At first blush, creating a job description seems like a straightforward task. But descriptions often are organized around imprecise and sometimes confusingly overlapping headings such as “Qualifications,” “Position Objectives,” “Job Duties,” “Job Requirements” and “Special Demands.” Correlating the attributes of a given job with the headings in the employer’s job description form can be a daunting task. And getting it wrong can have real, negative consequences.

For example, in a recent case, the Eleventh Circuit Court of Appeals affirmed the district court’s denial of judgment as a matter of law to an employer after a jury awarded a university police officer damages on a failure to accommodate ADA claim. When the plaintiff officer was hired, officers worked eight-hour shifts, but when a new police chief was appointed, the requirement increased to 12-hour shifts, which caused the plaintiff to experience high blood pressure. When the department refused to allow him to return to an eight-hour shift, the plaintiff retired and sued under the ADA.

Part of the appellate court’s reasoning for affirming the denial of judgment as a matter of law is that the employer’s “Position Description” contained a list of “Essential Functions,” which did not contain any shift length requirement. The only reference in the description to shift length was a separate section titled “WORKING HOURS” that did state the 12-hour shift requirement and noted that “[d]epending upon the needs of the departments, shifts may be changed.” The Eleventh Circuit found that a reasonable jury could have looked at the headings in the job description and concluded that the 12-hour shift was not an essential function of the position. See Snead v. Florida Agric. & Mech. Univ. Bd. of Trs., No. 17-10338, 2018 WL 992302 (11th Cir. Feb. 21, 2018).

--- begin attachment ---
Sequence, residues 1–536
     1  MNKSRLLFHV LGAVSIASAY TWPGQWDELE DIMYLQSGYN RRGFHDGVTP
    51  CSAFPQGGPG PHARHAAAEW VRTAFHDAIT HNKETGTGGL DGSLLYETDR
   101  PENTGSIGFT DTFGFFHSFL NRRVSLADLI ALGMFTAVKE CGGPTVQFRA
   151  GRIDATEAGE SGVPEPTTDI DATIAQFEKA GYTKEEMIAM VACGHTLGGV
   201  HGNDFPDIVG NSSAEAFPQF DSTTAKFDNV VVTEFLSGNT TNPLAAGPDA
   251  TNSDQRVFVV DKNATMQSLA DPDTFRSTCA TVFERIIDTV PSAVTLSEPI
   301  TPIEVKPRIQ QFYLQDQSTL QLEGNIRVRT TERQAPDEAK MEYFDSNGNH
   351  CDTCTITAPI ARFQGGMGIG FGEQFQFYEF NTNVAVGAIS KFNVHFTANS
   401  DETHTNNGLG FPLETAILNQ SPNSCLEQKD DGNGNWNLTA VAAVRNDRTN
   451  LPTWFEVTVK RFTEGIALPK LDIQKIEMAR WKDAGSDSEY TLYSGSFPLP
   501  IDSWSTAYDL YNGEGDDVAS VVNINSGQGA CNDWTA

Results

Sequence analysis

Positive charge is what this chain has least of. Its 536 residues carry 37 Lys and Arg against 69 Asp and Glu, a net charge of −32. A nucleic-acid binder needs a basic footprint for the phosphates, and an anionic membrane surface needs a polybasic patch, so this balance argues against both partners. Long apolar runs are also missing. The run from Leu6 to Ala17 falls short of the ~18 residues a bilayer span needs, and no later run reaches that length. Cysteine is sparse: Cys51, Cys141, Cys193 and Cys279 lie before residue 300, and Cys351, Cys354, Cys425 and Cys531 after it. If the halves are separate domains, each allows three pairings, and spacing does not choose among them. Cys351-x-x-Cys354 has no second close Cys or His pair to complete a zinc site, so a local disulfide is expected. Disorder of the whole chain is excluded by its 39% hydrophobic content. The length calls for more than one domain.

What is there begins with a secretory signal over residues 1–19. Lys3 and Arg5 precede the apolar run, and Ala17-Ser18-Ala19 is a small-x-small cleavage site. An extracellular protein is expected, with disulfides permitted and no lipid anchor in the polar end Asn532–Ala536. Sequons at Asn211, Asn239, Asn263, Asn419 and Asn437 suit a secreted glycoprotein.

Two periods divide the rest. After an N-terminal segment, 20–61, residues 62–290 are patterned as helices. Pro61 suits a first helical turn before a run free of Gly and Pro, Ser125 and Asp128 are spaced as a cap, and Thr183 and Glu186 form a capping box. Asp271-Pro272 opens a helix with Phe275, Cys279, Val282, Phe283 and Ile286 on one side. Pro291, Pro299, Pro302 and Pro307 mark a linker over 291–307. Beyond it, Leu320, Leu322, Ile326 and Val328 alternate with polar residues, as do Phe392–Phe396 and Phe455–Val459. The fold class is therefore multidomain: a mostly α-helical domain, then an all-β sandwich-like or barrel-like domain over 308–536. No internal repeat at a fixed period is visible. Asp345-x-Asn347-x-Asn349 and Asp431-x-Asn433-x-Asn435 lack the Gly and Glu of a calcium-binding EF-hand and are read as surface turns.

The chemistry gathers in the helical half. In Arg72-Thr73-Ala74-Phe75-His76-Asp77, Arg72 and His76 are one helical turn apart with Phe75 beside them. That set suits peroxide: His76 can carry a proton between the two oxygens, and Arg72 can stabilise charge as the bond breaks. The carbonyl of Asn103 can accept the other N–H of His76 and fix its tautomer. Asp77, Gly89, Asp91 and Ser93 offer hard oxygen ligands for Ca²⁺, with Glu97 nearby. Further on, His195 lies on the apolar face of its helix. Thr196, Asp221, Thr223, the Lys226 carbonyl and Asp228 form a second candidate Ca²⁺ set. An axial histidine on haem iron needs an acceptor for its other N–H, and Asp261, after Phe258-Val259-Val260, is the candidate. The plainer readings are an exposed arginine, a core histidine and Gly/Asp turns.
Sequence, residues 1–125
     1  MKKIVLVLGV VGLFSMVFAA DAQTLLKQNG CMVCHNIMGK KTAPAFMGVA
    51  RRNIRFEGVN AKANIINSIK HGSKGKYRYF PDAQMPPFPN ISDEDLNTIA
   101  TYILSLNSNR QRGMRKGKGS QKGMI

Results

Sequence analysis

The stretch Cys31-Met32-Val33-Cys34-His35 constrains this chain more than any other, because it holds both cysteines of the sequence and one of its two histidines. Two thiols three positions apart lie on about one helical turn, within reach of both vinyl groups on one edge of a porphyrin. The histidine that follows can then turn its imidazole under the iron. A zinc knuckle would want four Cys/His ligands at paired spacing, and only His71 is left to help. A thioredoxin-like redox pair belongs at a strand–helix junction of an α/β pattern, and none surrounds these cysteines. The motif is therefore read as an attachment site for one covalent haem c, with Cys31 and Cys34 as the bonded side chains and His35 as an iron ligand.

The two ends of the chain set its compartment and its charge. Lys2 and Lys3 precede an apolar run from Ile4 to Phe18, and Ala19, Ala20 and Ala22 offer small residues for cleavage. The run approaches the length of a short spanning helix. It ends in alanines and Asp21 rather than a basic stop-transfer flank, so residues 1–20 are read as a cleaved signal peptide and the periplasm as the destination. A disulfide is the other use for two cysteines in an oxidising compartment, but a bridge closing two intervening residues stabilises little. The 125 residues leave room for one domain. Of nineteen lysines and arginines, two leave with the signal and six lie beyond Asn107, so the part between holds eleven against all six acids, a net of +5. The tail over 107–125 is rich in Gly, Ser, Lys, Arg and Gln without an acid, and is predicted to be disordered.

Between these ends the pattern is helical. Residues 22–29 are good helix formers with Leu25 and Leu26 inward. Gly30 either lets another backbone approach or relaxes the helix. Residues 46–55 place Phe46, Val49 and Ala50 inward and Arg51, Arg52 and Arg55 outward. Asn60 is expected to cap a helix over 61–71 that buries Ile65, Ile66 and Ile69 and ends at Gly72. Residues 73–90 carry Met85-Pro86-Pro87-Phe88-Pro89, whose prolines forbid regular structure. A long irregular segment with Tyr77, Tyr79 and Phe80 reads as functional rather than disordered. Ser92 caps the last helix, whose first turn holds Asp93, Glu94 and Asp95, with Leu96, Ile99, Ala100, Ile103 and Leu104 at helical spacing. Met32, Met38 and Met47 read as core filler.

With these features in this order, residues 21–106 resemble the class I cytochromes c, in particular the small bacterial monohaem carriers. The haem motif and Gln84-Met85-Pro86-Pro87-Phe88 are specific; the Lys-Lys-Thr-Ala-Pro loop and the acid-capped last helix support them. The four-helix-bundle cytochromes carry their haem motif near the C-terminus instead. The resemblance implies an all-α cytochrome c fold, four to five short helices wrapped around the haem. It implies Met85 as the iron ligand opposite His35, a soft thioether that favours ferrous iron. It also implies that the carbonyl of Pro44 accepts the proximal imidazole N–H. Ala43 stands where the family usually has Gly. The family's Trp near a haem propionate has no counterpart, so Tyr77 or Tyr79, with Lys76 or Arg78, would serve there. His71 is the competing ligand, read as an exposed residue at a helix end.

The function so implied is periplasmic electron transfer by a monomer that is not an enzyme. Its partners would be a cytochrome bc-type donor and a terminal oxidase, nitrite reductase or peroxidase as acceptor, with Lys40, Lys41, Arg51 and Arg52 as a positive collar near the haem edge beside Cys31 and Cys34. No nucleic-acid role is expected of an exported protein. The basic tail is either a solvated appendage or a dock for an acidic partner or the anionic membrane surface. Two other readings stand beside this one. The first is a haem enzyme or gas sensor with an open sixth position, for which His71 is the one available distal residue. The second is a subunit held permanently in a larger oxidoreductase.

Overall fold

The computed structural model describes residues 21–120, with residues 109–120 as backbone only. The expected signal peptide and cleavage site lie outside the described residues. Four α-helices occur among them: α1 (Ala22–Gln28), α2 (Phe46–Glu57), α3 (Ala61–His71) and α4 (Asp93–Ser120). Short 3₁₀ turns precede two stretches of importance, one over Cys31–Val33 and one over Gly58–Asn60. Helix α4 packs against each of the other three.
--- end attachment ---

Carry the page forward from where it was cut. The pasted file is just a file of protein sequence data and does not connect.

Allowing job descriptions to become stale creates legal risk.

Over time, due to organizational evolution, the advancement of technology, and employee turnover, job descriptions become stale. It may seem that an outdated job description is harmless so long as the employee filling the job is meeting performance expectations. But a recent case illustrates that stale job descriptions may give rise to significant legal risk.